I appreciate the dialogue!
You are correct that the DOI says nothing about public education or welfare; they are not basic human rights. The "creator question" is an excellent one. Continue your research on the DOI. The original draft did not include it. It was probably added by John Adams or Benjamin Franklin. After Jefferson's initial draft, it became a collaborative effort. I hate collaboration; the less talented often dilute the work of genius. And it was edited (diluted) so it could be approved by the 2nd Continental Congress... that means Jefferson's work was compromised. Aside from that, its importance is that men are free to form their own government and that the role of government is to protect the rights of all men. These rights are more important that government itself. Jefferson’s first draft included the word "property" and this is paramount, as it means that we are entitled to keep what we produce. This is the first time that individual rights became more important than preserving the country, government, or king.
The study of Western Civilization includes philosophy. Everyone needs philosophy. Aristotle was not perfect in his philosophy, but it is the starting point in a study of philosophy, so the intelligent person can develop his own philosophy and not accept someone else's lock, stock, and barrel. Why is he important? His philosophy was the mind's Declaration of Independence. His contribution is the foundations of the rational.
Objectivity: A is A. We cannot change this. Morality is a code to guide us in our actions, but it cannot change nature. We cannot change anything by wishing it were different. A moral code guides us in life's choices and actions... but it must be based on objective reality. By taking my property (money or other), you are denying me of my right to my property without my consent. This is immoral. Mankind forms social groups or governments by choice; it is not a basic requirement for survival. Aristotle and Jefferson realized the value of government and society, but insisted that such social interactions cannot abridge any person's right to his property, his freedom, his life, or his pursuit of happiness. Men must be free to trade (goods and services), but force may not be used to take away anything from any man.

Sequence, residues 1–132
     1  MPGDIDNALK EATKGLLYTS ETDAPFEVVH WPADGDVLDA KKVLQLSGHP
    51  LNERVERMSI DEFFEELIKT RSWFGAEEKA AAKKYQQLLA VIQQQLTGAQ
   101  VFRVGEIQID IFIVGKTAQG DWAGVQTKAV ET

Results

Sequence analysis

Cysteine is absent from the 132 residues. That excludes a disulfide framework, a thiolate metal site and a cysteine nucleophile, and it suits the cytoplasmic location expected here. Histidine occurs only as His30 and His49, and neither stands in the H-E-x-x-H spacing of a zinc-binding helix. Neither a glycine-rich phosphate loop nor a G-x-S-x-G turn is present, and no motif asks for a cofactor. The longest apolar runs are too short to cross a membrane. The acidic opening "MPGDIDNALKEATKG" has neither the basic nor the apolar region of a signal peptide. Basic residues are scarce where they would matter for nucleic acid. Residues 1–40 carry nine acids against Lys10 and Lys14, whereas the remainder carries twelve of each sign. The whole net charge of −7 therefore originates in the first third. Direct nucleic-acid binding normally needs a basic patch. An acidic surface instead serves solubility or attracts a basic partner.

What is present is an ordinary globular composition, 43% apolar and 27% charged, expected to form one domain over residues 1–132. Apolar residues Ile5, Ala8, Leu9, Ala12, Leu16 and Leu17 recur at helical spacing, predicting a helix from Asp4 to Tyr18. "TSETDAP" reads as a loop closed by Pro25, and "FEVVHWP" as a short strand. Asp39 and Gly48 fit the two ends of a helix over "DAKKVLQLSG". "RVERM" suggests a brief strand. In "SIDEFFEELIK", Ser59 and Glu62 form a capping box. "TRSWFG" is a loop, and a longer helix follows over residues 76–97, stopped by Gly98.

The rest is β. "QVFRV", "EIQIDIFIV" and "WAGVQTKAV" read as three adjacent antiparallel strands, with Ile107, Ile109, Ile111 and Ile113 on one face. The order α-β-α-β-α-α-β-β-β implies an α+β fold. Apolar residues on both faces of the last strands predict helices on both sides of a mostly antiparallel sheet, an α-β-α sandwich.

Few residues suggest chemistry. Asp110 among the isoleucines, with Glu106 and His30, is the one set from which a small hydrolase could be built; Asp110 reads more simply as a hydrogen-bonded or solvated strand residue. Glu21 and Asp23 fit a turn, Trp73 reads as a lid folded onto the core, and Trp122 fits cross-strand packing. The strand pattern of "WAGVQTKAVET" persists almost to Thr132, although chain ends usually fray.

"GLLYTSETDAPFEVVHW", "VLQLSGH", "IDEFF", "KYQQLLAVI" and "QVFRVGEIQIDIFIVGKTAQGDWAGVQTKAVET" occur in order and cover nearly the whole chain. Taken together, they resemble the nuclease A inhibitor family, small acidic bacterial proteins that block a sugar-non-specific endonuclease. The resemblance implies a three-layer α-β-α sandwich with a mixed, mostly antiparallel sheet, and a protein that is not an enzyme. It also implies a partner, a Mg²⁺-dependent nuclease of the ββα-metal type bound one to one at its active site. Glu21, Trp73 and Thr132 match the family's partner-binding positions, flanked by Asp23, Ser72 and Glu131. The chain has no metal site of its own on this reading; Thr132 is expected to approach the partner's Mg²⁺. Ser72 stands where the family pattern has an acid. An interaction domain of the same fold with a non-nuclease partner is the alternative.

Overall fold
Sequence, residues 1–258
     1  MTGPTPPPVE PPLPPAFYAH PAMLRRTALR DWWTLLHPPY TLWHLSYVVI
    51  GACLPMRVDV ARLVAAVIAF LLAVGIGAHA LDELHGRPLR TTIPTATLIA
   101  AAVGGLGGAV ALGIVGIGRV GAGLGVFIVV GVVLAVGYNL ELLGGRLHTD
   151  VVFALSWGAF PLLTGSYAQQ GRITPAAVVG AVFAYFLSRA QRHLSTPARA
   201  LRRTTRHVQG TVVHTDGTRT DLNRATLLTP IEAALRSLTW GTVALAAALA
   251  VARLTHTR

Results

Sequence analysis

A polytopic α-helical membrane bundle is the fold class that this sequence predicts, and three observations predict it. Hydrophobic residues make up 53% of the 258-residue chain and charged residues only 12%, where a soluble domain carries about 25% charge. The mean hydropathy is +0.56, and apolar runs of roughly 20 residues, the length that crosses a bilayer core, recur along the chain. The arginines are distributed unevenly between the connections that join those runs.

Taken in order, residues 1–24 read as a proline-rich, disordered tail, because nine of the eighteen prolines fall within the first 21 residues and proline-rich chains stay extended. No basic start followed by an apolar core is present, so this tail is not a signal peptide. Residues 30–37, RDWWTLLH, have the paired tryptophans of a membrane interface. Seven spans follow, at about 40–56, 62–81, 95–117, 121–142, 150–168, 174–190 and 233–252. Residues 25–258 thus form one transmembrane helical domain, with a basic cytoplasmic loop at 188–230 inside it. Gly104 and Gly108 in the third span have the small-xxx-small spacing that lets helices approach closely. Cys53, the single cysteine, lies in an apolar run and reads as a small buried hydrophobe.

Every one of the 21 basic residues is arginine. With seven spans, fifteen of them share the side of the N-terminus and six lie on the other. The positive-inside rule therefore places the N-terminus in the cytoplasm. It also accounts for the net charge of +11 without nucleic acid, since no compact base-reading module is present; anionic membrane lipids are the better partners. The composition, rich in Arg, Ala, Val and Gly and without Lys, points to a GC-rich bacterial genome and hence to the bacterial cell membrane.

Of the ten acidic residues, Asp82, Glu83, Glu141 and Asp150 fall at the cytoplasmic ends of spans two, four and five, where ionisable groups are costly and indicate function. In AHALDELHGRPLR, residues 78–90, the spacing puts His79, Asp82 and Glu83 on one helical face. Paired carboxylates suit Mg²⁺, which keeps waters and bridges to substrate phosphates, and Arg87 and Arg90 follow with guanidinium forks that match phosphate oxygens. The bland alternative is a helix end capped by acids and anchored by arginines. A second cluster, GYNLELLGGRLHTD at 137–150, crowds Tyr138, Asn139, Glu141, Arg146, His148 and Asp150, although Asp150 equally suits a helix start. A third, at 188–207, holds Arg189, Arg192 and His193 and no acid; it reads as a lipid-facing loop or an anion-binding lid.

Aristotle said that man must be able to exercise free choice about what he needs or wants, and this must be allowed to happen without coercion from outside forces. This is what is required to pursue happiness. Aristotle called this “living the good life,” as happiness is not a Greek word nor is there an exact translation. He also said that man must have liberty to plan his life to "live well." To live this good life, he said that we need real goods to support our quest and we have a right to the goods we produce. He also said that if an individual fails in his life, it is his own fault. He acknowledged that all of us may have bad luck, and that we all need to take advantage of the good things that happen, but none of these components of a good life are guaranteed... the individual must create them for himself (your question on health care). He also said that men form social groups voluntarily for their own purpose. He also said that others have no right to claim our help.
Regarding criminals: No man has the right to deny any of us the full use of our own property, freedom, or pursuit of happiness. And it is immoral to initiate force against another human being, whether it is physical or other. And those who violate these basic human rights must suffer the consequences. This is the purpose of government. We do not deny a criminal of his basic rights; he has chosen to give them up by initiating force against another.
Money: Money is only a means to exchanging goods and services. Money can only exist and have exchangeable value by the men who produce. Money in itself is not evil; it only is a mechanism of trade. Money is how we store the excess of our own production and wealth, and it is our property. Aristotle said that we need to produce personal wealth so we can live the good life.
To summarize, Aristotle said the purpose of man's life is to "live the good life" and it is his own responsibility to achieve it, and no one has the right to deny or take anything away from him.